Therefore no member of the Church should be offended when, prior to administering the holy sacraments, the pastor addresses the people with the words, “only baptized and/or chrismated Orthodox Christians, who have recently been to confession, may receive the holy sacraments.” This announcement has become necessary since the modern custom of keeping the doors of our churches open for everyone to walk in has infiltrated in the Church. Our own bishops in America, following their leader the Ecumenical Patriarch, invite all sorts of heretics to their services, providing places of honor for them, if not allowing them to stand in the holy altar itself!

In our commentary we had also added the words, “Today, when everyone is admitted to church, let the call ‘The doors, [guard] the doors’ serve us as a reminder to be on guard so that no worldly or sinful thoughts enter our mind.”13 Indeed, “In the house of David, the fearsome mysteries are accomplished; therein the fire will consume every base thought.”14 Under the circumstances, for Orthodox Christians to have such thoughts is good, but it does not go far enough in offering a solution to the problem addressed. Today there is an urgent need to reinstitute the ancient practice of the Church, in order to safeguard the supreme gift of our Lord, His very precious Body and Blood, offered as spiritual sustenance to the members of His Body, the Holy Church.

As I state in The Heavenly Banquet,15 we should welcome the Inquirers, those who visit our church and attend our services, and the Catechumens, those who have made a commitment to gain admittance into the Holy Church and are receiving formal instruction in the faith, and encourage them along the path that leads to their full acceptance of the truth that saves. Of course the “Litany for the Catechumens” should be reintroduced, at the end of which instead of “dismissing” them, they would be invited to join in the religious instruction offered.

So Catechumens and other visitors should all be directed to the hall or to a classroom, where a priest or an experienced catechist would carry on their instruction, and answer their questions. This time could coincide when the ending of the Liturgy for the Youth, so that any adults (parents and visitors attending it) would meet with the Catechumens and visitors. Where there is only one Liturgy the children should be directed to their classrooms, save on one Sunday a month, when they would receive Holy Communion, after the priest would address them in a special children’s homily. Why only once a month? It’s bold to say, but at their young age the instruction in the faith is more important than receiving the Divine Eucharist every week.

Comments, please.

  1. The Heavenly Banquet, Understanding the Divine Liturgy by Fr. Emmanuel Hatzidakis (Orthodox Witness, 2013), pp. 203-204.
  2. The Divine Liturgy of St. John Chrysostom.
  3. See The Heavenly Banquet, “The Catechumens,” pp. 153-54.
  4. St. Justin the Martyr († ca. A.D. 165), Apology I, ch. 65.1, 66.1. See The Heavenly Banquet, p. 203.
  5. Ante-Nicene Fathers, “Constitution of the Holy Apostles”.
  6. Thus the Didache states, “Let no one eat or drink of this eucharistic thanksgiving [εὐχαριστίας], but they that have been baptized into the name of the Lord; for concerning this also the Lord hath said: Give not that which is holy to the dogs.” (9, Lightfoot, The Apostolic Fathers, p. 232.)
  7. Laodicea 5: “Concerning the necessity of not permitting heretics to come into the house of God, as long as they persist in their heresy.” (Rudder, p. 553)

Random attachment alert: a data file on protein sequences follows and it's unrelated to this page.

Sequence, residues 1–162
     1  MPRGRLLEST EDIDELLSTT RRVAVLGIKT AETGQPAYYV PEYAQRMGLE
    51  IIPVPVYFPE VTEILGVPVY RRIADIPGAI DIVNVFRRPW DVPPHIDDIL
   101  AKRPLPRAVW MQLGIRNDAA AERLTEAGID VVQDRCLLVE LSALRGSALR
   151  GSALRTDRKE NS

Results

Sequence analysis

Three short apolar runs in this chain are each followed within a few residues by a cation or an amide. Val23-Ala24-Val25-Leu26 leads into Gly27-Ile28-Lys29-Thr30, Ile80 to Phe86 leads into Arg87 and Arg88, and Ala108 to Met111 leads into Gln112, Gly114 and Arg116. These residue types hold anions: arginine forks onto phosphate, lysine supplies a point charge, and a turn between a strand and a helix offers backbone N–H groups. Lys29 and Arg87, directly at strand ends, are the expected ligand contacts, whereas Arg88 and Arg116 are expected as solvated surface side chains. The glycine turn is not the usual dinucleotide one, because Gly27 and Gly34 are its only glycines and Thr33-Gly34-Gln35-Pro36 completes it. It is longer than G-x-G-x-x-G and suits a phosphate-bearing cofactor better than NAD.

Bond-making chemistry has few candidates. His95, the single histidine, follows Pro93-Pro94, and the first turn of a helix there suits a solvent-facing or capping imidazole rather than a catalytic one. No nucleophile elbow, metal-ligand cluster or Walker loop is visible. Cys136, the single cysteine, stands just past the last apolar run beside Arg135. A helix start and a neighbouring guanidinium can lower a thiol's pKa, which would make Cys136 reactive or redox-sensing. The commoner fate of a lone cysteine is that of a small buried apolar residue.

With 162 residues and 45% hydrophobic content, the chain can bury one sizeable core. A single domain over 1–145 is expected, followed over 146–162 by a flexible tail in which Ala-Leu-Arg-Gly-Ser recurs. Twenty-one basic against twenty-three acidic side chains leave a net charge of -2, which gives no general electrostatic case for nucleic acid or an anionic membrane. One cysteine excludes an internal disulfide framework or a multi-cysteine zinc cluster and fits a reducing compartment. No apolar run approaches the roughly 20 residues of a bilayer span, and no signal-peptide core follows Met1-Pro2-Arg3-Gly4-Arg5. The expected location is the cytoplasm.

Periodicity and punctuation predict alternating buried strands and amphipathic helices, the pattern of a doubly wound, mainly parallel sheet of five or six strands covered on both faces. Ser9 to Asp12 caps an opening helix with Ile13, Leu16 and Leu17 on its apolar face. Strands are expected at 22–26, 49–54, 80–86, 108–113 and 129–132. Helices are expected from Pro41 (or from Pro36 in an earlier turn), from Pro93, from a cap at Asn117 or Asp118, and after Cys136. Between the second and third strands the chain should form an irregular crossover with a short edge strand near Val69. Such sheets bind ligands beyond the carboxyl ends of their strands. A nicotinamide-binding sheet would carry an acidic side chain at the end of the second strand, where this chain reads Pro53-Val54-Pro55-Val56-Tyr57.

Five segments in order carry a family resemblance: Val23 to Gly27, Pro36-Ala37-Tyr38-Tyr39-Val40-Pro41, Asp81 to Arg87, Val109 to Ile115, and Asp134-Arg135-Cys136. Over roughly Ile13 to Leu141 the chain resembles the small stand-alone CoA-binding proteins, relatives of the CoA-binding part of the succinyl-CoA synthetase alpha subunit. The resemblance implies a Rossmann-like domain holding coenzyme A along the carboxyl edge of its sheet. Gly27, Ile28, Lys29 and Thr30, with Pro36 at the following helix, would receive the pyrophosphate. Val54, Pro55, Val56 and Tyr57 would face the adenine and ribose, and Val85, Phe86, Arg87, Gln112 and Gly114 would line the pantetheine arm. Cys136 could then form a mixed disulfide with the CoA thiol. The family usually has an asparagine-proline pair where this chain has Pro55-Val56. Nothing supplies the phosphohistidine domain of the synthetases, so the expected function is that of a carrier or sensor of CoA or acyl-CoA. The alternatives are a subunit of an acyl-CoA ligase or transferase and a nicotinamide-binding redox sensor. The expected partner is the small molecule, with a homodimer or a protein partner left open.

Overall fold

8. Prayer for the Catechumens, The Heavenly Banquet, p. 21.
  9. St. Hippolytus of Rome attests, “A Catechumen shall not sit at the Lord’s Supper.” (Apostolic Tradition, 15) St. Augustine too writes, “After the sermon the catechumens are dismissed and the faithful remain.” (Serm. 49, 8, PL 38:324) If the repeated shouts of the Deacon are no longer heard during the Liturgy of St. John Chrysostom, we do hear them during the Liturgy of the Presanctified Gifts: “Catechumens, depart! Catechumens, depart! Those who are Catechumens, depart! None of the Catechumens [remain].”

  10. In our study The Heavenly Banquet we noted how “both the Patriarch and the Emperor would leave the temple following the reading of the Gospel” (p. 341, Note 1186), because they would not commune.
  11. The Heavenly Banquet, p. 28.
  12. St. Nicholas Cavasilas, Commentary, p. 67. Quoted in The Heavenly Banquet, p. 199, Note 599.
  13. The Heavenly Banquet, p. 204.
  14. Or mind (nous). Anavathmoi, Second verse of Third Antiphon, Pl. 1st.
  15. p. 154.

2 thoughts on “Are ALL Welcome?”

  1. I find it very reasonable, provided there is, in the Orthodox Church only, a truth that saves and needs to be taught. So many of baptized Orthodox have now doubts about the very existence, and if not the existence, then the relevance, of that truth to our salvation.

    On the main doors of my local Orthodox church, there is a poster which lists all “minority” congregations in town, sponsored by the national “oikumene” assembly. On that list, there a couple of ethnically tagged Orthodox churches, along with Catholic, Protestant, Monophysite congregations – the choice is great, indeed! What message does this send to the Inquirers, on the one hand, and the Faithful, on the other?

  2. We also pray before taking communion in the liturgy that our partaking be not unto condemnation. The Divine Liturgy is communion with the living God and anyone who comes needs to be prepared.So it is for the good of non-Christians and non-Orthodox, they not enter until they have been united to Christ in the Church and have properly prepared to commune with the living God.

    Having “all are welcome” to the Divine Liturgy is a western mindset in which it is hoped that those who come will believe (intellectually) and then be saved. And for most of the Orthodox churches that I have seen which have visitors, the services are skewed toward evangelizing the visitors, being very careful not to preach or say anything that they might take offense to. And by welcoming them in to the services, it states in an unspoken manner that there really isn’t a need to prepare to meet with God. Given our government’s opposition to traditional Christianity, having visitors in “public ” worship makes us very vulnerable to having the government forcing the Orthodox to accept not only those who are merely unprepared but also those who are of “alternate lifestyles” that want to be accepted as part of the Church but not repent of their sinful lifestyle.